Football Manager 2012 Review - Own Goal
Away from the tweaked interface, FM 2012’s biggest new feature is the introduction of tone when communicating with the players and coaches. This sees, finally, the expansion of dialogue options during team talks or one-on-one meetings from a paltry five or six for each situation, to dozens. This makes it a whole lot easier to put across the hair-dryer treatment, make light of losing against superior opposition or convey your happiness at a good result.
Team talks have also been tweaked to accommodate both team and individual talks, allowing you to, for example, praise the players for their performance but still chastise your lazy centre back for his defensive errors. How players react to team talks is also now immediately clear via instant feedback, making it easier for you to see which players respond best to different attitudes. It’s a big change, but it adds a great deal of extra control to team motivation, which in previous FM games has felt at best, ropey, and at worst, like blind luck.
Click to enlarge - Team talk dialogue options have been hugely improved, but the same can't be said for press conferences
Disappointingly, the tone system doesn't make it into the ever-tedious press conferences, or board-room interactions. Presumably Sports Interactive is saving this feature for next year, but having overhauled the player interactions so extensively, the stilted, clunky press conferences now grate more than ever.
On a more positive note, the match engine has also benefitted from the annual lick of paint, and looks better than ever, or more accurately, still not as good as FIFA 98. However, this is part of FM 2012’s great appeal; it’ll run on pretty much any PC, including ancient PCs, net-tops or your work laptop (yes, I see you playing on the London-Paddington to Bristol Temple Meads train, you know who you are).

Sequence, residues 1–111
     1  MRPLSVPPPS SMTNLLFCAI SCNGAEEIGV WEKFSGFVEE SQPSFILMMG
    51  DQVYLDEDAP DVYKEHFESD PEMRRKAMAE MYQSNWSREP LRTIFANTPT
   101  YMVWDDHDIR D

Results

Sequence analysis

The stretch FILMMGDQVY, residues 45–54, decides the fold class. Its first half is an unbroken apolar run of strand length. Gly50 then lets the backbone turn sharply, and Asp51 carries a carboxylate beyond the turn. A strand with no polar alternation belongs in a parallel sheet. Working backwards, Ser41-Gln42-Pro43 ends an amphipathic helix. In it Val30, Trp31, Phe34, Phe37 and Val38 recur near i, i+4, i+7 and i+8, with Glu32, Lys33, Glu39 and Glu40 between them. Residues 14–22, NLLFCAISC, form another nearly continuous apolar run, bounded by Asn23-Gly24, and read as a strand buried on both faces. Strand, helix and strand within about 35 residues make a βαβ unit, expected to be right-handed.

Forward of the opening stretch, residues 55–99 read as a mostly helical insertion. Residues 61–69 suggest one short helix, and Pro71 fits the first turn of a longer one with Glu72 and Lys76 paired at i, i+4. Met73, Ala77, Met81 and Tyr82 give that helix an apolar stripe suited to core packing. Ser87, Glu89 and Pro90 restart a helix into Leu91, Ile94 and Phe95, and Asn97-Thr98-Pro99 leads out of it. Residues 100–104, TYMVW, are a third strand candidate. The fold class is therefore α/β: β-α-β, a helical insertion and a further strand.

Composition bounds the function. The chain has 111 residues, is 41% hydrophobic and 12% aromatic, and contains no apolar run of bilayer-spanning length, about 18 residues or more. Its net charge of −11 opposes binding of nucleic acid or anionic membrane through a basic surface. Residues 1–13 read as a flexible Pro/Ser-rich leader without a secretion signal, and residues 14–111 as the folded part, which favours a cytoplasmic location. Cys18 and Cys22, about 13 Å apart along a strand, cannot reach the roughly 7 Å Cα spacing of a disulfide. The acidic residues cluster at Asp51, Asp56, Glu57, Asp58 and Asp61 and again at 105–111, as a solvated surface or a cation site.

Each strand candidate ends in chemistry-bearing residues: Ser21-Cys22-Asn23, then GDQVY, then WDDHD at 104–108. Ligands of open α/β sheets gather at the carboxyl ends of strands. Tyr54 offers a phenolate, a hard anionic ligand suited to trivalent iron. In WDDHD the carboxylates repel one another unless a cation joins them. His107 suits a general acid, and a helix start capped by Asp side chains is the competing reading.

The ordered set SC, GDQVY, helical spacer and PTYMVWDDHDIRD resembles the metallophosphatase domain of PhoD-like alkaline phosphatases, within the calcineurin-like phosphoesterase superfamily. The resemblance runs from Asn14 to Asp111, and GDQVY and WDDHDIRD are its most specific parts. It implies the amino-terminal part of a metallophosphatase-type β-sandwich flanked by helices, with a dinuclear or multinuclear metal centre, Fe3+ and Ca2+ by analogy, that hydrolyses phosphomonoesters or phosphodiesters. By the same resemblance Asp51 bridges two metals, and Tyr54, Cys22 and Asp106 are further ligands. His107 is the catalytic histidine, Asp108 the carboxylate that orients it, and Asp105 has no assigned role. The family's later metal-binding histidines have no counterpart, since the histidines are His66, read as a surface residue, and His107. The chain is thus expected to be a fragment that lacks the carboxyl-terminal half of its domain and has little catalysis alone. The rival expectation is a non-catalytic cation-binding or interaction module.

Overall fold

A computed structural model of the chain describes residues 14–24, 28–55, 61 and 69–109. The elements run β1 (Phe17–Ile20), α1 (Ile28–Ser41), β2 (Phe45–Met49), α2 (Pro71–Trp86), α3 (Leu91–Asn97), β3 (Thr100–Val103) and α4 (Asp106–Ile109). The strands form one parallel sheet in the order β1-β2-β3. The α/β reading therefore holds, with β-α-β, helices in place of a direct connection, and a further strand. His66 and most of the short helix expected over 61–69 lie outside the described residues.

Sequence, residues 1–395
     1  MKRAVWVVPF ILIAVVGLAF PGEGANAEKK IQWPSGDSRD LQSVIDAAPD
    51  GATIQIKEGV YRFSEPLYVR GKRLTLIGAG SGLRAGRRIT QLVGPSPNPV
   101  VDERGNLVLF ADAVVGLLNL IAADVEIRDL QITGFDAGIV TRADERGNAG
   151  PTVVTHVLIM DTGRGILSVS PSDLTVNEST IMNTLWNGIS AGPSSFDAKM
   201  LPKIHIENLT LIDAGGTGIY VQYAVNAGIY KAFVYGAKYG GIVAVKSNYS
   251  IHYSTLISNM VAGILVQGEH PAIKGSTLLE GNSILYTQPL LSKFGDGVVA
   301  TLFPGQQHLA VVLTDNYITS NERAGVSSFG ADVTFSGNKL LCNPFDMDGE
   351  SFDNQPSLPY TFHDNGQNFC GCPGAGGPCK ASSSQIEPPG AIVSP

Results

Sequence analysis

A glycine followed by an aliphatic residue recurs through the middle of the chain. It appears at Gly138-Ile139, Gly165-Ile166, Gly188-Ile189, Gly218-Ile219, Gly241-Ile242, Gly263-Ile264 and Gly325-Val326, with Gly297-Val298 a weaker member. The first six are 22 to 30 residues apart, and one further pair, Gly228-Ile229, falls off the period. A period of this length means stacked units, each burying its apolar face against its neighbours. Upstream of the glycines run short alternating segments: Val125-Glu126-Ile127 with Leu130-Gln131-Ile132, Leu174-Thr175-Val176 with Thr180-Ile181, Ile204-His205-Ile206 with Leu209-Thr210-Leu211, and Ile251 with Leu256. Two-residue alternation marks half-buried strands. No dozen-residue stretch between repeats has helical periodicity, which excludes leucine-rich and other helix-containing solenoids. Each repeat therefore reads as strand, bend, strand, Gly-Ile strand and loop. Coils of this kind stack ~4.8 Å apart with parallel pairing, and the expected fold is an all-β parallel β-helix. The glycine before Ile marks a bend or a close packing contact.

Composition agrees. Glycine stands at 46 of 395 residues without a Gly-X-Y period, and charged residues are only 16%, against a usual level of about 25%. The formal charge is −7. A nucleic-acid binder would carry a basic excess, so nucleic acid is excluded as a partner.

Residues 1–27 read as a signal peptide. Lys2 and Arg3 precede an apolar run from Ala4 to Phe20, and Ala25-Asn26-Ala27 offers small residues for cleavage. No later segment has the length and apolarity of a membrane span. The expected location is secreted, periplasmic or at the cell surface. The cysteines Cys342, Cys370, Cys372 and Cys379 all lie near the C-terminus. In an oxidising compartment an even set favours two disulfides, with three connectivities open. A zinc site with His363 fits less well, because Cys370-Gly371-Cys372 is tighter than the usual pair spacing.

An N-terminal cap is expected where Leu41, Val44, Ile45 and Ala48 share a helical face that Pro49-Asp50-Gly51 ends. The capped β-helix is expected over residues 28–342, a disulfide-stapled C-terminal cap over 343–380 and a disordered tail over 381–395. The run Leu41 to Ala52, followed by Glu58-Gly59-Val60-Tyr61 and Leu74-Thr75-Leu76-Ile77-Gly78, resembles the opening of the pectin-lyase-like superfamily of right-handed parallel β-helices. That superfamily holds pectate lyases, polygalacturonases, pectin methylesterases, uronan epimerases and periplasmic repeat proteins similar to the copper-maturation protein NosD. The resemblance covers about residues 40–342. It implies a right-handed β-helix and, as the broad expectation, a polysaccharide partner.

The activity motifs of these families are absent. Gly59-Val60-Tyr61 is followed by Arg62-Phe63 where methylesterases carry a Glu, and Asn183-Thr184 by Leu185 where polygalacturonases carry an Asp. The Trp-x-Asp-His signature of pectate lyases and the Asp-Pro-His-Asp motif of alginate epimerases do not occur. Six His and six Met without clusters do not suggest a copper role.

Still, new and improved character animations do add a little extra to the game, such as injured players writhing in pain instead of simply lying down, and the stadia and crowds have been massively improved. Every fan is now a low-detail 3D character that reacts to the flow of play as opposed to a cardboard cut-out, and larger stands now cast shadows over the turf, both of which are nice touches.
FM 2012’s match tactics screen has also been overhauled, but oddly for developer Sports Interactive, it’s a rare misfire. The new tactical screen makes it easier for your coaches to pick teams for you, and for you to manage backup tactics and set individual player roles.
Click to enlarge - Marcus Tudgay, goal machine. Maybe
However, it doesn’t let you easily see the stats of players when configuring their roles; for this you’ll need to jump to the separate player instructions screen, which is a process that quickly becomes annoying when you’re trying to find the best player suited to playing as a poacher or playmaker. The fact that you can’t sort the squad by role suitability also rankles, and the integration of ‘Shouts’ - effectively groups of quick tactics such as ‘clear ball to flanks’ or ‘push higher up’ - is also largely redundant. It’s a shame, and means that when it comes to team selection and tactics, FM 2012 takes a rare step backward in comparison to last year’s game.
Despite being derided for its similarity to a mid-90s football game crossed with Microsoft Excel, Football Manager remains one of the most popular PC games year after year, and that’s because it’s consistently out-performed the opposition in a genre with huge appeal. It’s also a game that’s undemanding on your attention without compromising on enjoyment; you can get just us much out of it playing for five minutes or five hours and it can be played at home, on the train or while watching a rubbish film. FM 2012 retains this appeal, and the new features (of which we’ve only covered a few) add plenty to the game to (just about) justify the annual franchise tax. Make no mistake; FM 2012 is a rewarding, challenging and fun game for those with even a passing interest in football.
Despite this, though, FM 2012 is the first Football Manager in years which I’ve felt comfortable skipping in favour of returning to my ongoing tale from last year’s game. The new interface can easily feel overloaded, and the altered tactical screen seems counter-intuitive rather than an improvement. The only standout feature is the new tone and dialogue system which, while long requested, doesn’t make this a mandatory purchase, especially as it doesn't extend to press conferences. I’ve no doubt that FM 2012 will be hugely successful, and for new players it’s the best Football Manager starting point ever. For seasoned players such as me, though, it’s back to Football Manager 2011 and Bristol Rovers. Come on the Gas!